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notion weekly planner
notion weekly planner
Planning with Notion changed my life.
In early September, I made a discovery that upended my life as I knew it. Up until that point, I had about nine different planning “systems” all going at once, and they were crashing into one another like bumper cars driven by 3-year-olds. I had documents stored in so many places it sometimes took me half a day to find what I was looking for. Oftentimes I’ve just outright lost things I had no choice but to call my dad and hope that he’s better at organizing papers than I am. (He is.) I got what I needed, thanks to Dad, and no thanks to my own “planning and organization systems.” When I discovered Notion, all of this changed.
Read on to learn more about the easiest way to get started with Notion and start incorporating it into your daily life. This is the first post in a series about how I am using Notion to get a handle on my life by having just one planning and organization system that will hold my hand and graciously but firmly guide me through life.
Editor’s note: This is a recurring post— it is regularly updated with new information & products!Click To Tweet
How to set up a weekly agenda in Notion
I’m starting off this series with how you can build a weekly agenda in Notion. This is a perfect starting point if you are just getting into using Notion and aren’t sure where to start. Also, if you are interested bullet journaling, but aren’t so into the hand-drawing aspect, then this weekly agenda template is perfect for you.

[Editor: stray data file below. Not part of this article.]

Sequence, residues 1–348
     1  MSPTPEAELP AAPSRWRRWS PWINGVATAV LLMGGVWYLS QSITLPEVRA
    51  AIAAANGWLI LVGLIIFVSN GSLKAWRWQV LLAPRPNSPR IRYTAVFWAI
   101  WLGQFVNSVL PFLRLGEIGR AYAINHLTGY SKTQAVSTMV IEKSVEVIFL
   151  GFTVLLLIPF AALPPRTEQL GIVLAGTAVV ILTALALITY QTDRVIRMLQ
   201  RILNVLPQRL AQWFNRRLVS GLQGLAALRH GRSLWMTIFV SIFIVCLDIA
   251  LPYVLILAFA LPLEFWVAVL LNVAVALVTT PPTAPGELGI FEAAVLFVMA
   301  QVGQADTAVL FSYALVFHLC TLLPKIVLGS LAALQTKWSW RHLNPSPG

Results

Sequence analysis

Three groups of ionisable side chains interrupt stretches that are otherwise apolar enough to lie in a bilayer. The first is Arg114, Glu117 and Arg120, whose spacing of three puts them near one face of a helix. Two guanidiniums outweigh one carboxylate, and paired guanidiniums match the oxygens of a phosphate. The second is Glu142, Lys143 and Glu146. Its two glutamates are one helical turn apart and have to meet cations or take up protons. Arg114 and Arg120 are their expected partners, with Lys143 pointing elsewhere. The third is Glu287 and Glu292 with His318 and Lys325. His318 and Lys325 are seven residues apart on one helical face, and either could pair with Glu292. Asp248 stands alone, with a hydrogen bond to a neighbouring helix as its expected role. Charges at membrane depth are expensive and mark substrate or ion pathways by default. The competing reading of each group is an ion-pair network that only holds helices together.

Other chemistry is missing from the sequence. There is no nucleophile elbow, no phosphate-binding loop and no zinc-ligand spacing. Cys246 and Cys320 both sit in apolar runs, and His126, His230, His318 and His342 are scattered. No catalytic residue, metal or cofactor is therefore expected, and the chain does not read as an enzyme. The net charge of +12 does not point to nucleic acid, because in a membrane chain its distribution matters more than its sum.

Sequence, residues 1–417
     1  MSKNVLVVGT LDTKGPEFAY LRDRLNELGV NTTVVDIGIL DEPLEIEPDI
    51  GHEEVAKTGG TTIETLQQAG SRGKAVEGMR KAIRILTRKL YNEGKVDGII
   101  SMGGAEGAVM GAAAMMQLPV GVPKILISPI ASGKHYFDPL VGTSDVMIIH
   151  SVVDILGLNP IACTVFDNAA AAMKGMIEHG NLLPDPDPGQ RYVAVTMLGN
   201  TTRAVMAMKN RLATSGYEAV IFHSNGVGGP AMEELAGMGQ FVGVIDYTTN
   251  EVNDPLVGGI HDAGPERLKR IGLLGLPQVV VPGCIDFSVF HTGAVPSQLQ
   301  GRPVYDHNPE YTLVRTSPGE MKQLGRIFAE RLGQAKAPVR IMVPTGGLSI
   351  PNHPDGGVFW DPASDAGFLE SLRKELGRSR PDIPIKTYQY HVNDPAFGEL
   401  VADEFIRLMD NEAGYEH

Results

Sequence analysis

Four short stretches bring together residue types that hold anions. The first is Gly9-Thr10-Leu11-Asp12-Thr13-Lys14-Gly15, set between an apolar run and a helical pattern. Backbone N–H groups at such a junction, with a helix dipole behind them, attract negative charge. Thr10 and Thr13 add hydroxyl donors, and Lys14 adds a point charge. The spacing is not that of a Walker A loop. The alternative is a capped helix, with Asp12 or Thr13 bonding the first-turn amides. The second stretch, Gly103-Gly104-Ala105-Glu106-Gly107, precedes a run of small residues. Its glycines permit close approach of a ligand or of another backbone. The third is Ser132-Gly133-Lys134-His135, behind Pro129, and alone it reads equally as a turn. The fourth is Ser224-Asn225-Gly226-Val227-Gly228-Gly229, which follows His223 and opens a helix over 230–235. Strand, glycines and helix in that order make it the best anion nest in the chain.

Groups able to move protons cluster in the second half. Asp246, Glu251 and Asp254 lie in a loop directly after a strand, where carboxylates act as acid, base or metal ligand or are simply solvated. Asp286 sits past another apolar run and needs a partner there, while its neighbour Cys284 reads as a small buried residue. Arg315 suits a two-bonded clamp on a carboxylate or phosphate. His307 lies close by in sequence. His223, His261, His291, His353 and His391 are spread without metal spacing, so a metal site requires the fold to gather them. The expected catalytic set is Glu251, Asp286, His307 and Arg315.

Disclaimer: The weekly planners shown are my real planners. Sensitive details have been omitted in a way that does not affect the integrity of the layouts.
To kick things off, here is my Weekly Agenda template. Every week, I create a duplicate of this template and it pops up looking exactly like this.
If you already have Notion set up and you’d like to copy my template (minus the pre-populated tasks,) you can head over to this link to grab a copy ➢ Notion Weekly Agenda Template
I wanted my weekly planner in Notion to have the most “at-a-glance-friendly” layout possible. I wanted the layout to look clean and uncluttered, but still contain everything I needed to see in order to keep my week moving. The three column layout works for me because the entire layout fits (mostly) in one browser window so I can see the whole week without scrolling too much. For me, combining the weekend into one box works well because I don’t tend to list many to-do’s there, and I much prefer the symmetrical aesthetic of six boxes instead of seven. And that’s all there is to the overall structure. It’s very simple.